Yesterday I wrote about the upcoming Apple announcement and how I think that the iWatch would not be released before the end of the year. At the end of that article I said I would explain today why the iWatch will fail. Read on.
There is little doubt left on this planet on whether or not Apple will release an iWatch. The rumors have come from every direction one can imagine. Yet we still do not know anything about this device. Am I being bold in saying that this device will be a failure, especially when you consider that we know nothing? Maybe. However, I can tell you the reason why it will fail right now. It’s made by Apple.
Allow me if you will to preface my thoughts with a few things: It is true that I consider myself an Android fan but what you may not know is that I routinely point people to the iPad over Android tablets. I have in the past year spent time with phones running Android, Blackberry 10, Windows Phone, and iOS. I used an iPhone primarily for a couple of months and came back to try out the new iOS betas for a while. I owned an iPad for almost the entire year until a little bit back and carried it with me everywhere I went. I use a MacBook Pro for my personal laptop. I may be an Android fan but I am not inclined toward liking or disliking products based on brand. I am a technology lover first and foremost.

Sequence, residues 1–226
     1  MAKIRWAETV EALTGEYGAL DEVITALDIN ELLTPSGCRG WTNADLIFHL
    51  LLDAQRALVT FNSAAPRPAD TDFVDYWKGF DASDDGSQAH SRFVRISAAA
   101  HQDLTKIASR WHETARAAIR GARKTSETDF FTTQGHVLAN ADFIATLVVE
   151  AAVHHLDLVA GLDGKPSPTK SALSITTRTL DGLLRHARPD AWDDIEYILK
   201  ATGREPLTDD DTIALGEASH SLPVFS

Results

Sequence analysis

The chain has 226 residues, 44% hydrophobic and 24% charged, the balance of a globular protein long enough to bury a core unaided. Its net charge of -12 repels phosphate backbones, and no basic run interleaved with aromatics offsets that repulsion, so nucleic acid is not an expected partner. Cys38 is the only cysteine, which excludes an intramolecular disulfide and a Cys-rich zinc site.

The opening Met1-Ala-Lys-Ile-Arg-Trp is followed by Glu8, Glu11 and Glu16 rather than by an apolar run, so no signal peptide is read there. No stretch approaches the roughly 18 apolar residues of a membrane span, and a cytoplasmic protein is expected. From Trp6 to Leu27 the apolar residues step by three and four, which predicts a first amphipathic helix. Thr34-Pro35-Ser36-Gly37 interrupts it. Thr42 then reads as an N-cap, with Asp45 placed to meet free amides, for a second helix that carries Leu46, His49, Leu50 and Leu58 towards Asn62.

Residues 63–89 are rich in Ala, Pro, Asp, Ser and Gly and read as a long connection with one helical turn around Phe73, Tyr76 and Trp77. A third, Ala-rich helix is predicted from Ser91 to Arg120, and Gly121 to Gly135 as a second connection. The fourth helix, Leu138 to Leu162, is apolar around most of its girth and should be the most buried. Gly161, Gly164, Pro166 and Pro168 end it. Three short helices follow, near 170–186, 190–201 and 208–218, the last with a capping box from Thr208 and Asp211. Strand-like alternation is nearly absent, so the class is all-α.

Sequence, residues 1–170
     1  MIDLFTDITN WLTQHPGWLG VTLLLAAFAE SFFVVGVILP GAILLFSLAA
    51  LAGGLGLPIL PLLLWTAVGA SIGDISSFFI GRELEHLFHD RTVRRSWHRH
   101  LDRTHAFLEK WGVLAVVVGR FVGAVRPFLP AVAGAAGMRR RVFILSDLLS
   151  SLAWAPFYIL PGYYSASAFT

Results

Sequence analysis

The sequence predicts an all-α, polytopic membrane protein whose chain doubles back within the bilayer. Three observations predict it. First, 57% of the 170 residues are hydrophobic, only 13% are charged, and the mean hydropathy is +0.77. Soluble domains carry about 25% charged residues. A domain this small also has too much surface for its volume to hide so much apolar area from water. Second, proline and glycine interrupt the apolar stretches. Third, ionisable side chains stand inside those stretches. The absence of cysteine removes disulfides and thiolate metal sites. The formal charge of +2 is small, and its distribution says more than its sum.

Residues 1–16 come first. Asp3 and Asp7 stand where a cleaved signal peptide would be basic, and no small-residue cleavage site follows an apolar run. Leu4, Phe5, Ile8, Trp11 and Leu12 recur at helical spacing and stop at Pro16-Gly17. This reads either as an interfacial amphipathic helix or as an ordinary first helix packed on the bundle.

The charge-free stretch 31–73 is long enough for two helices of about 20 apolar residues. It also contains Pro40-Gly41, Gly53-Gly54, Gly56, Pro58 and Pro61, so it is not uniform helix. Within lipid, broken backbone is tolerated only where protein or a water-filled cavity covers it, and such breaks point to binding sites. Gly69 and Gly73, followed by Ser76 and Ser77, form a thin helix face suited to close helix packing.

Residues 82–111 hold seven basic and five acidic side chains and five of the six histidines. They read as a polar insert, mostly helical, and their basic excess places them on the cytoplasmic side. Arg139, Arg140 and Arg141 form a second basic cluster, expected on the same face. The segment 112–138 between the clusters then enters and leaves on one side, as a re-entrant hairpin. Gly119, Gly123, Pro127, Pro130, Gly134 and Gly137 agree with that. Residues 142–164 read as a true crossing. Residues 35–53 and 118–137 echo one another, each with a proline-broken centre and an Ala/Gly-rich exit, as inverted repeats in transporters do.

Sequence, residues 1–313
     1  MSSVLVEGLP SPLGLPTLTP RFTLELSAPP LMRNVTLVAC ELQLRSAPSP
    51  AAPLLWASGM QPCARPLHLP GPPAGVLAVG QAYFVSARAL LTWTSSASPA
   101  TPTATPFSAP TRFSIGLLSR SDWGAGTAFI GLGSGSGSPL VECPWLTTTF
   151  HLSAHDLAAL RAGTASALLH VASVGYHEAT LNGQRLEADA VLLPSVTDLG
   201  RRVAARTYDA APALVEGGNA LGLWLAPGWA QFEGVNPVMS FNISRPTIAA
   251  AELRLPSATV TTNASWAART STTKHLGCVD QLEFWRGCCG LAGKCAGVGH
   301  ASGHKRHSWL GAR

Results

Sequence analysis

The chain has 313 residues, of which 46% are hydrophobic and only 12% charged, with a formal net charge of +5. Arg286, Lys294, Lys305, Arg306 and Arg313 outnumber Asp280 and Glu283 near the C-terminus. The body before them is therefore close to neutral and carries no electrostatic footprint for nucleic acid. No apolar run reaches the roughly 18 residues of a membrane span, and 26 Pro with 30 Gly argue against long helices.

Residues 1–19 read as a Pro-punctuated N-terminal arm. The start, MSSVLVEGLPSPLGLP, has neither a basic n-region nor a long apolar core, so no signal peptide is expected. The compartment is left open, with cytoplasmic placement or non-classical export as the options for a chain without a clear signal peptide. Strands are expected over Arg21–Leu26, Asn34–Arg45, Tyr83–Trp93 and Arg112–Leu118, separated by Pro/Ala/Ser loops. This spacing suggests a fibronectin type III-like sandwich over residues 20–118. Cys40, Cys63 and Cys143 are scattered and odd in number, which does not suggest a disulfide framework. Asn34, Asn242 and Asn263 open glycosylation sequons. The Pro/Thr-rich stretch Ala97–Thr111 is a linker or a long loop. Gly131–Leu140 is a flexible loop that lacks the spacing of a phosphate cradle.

The reason I say the iWatch will fail is because I do not believe Apple is ready to change it’s style. I think the tradition of Apple will carry on in this device and I think that this specific tradition will be even more damaging to this device than any other device Apple sells right now. That tradition is maintaining control over both the hardware and software sides of the product.
Apple is a hardware company. They make their money on hardware sales and they are filthy rich by charging a premium on their hardware. There is a lot they do right so please don’t take this as a criticism of their business model. They have had steady growth for over a decade on the desktops and laptops and they went through the roof with the iPod and later the iPhone and iPad. Apple has had great success in maintaining full control from software to hardware. One can point out Android having greater market share than iOS as a failure for Apple but they also typically make a greater margin on devices than other manufacturers. Is it more desirable to be the top in sales or to be the top in profitability? Apple has made a killing on this business model once you get past the glory days of the desktop PC. Mountains of money with unique software and well built, well designed hardware has been great for them. I do not think that can continue into something that will be viewed as more than technology.
All iSheep jokes aside, people crave uniqueness. Sure you can find a funny image of glowing apples filling a college class room but there is a difference between technology and jewelry. A watch, no matter how much technology is stuffed in it, is still a watch. Watches have been around for centuries and there is a long tradition of watches being unique. You can walk into any jewelry store and see more variations on the idea of a watch than you would find if you walked into a carrier store and looked at flagship phones. Will people really just look at the iWatch and just say, “okay it’s made by Apple, I’d better get it?”